So, I suggested to Prakash, why not try this guy? That was when Prakash was about to do Paarijatham with Prithvi. He said, 'I am going to meet him on the sets. I will ask him.' Prithviraj liked the story when we narrated it and did not demand anything like, 'I need a fight, I need a song,' etc.. I wanted an actor like that.
The chemistry between Prakash Raj and Prithviraj is amazing�
Yes, it is amazing. Even off the sets, we are great friends, and that got reflected on screen too. We -- Prakash, Prithviraj, Viji (the dialogue writer) and myself -- clicked well, and we are a sort of a gang now. This bonding happened even before we started shooting.
Did you always want to be in films?
Though no one in my family was associated with films, even when in school I was writing plays and skits and acting in them. When I grew up, I knew I wanted to be in films. That was where my interests were.
How was it for a person with no background in films to get into films?
It was very tough. It was even tougher to become an assistant director. It took a lot of time and effort to get that opportunity. I kept trying, going from door to door and only after two to three years of trying that did I get to work as an assistant to R V Udayakumar. That also happened with the help of a friend. That was in 1992. I was also working as a marketing executive for a company then.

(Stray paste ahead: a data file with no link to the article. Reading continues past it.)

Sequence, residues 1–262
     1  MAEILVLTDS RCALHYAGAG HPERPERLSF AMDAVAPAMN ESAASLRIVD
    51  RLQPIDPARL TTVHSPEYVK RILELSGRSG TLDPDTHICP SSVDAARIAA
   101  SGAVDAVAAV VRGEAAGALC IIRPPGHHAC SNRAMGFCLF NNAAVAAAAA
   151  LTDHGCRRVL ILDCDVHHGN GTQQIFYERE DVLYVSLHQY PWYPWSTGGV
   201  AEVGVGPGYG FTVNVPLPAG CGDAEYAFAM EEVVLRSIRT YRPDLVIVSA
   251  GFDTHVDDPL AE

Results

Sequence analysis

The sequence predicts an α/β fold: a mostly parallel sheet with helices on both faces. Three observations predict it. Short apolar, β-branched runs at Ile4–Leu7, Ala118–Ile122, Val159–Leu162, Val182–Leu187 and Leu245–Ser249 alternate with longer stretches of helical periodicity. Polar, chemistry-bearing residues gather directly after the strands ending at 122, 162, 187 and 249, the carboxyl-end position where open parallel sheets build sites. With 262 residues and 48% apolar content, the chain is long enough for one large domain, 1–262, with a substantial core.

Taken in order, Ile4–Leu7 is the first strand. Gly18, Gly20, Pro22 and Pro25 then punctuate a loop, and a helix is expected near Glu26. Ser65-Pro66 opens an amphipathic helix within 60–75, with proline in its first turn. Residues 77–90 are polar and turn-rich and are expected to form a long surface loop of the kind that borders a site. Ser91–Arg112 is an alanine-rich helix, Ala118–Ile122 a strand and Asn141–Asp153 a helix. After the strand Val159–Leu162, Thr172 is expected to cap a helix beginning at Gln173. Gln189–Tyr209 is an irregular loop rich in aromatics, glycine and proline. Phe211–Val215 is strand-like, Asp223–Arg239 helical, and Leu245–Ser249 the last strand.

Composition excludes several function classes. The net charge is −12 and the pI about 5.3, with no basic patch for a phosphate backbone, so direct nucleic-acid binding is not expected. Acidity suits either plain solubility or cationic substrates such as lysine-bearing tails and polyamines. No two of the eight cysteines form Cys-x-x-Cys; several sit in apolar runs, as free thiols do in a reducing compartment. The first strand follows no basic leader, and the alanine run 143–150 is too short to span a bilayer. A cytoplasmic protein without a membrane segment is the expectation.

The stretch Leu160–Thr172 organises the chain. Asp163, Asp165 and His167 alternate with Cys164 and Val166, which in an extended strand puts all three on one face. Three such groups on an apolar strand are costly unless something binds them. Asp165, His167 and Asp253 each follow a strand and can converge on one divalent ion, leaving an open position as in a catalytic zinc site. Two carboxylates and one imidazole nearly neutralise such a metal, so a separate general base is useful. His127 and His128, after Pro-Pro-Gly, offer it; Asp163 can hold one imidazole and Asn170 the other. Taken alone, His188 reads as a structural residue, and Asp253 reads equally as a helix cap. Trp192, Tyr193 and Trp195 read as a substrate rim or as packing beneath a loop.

I worked as his assistant in four films. Then I moved to television serials. This was followed by the second innings of struggle to become a director. This time, I went around with my scripts.
My first film, Smile Please. never got released but I met Prakash Raj because of it. I thought I should catch him young! I showed him the script and he became my hero. It was quite heartbreaking to make a film and never see it in the theatres. He then did Mani Ratnam's Iruvar. I kept hanging out with Prakash Raj and we soon became good friends. It took another three years for me to make Azhagiya Theeye and Prakash was the producer. But for a producer like Prakash, the film would not have happened at all. Looking back, it has been quite a journey.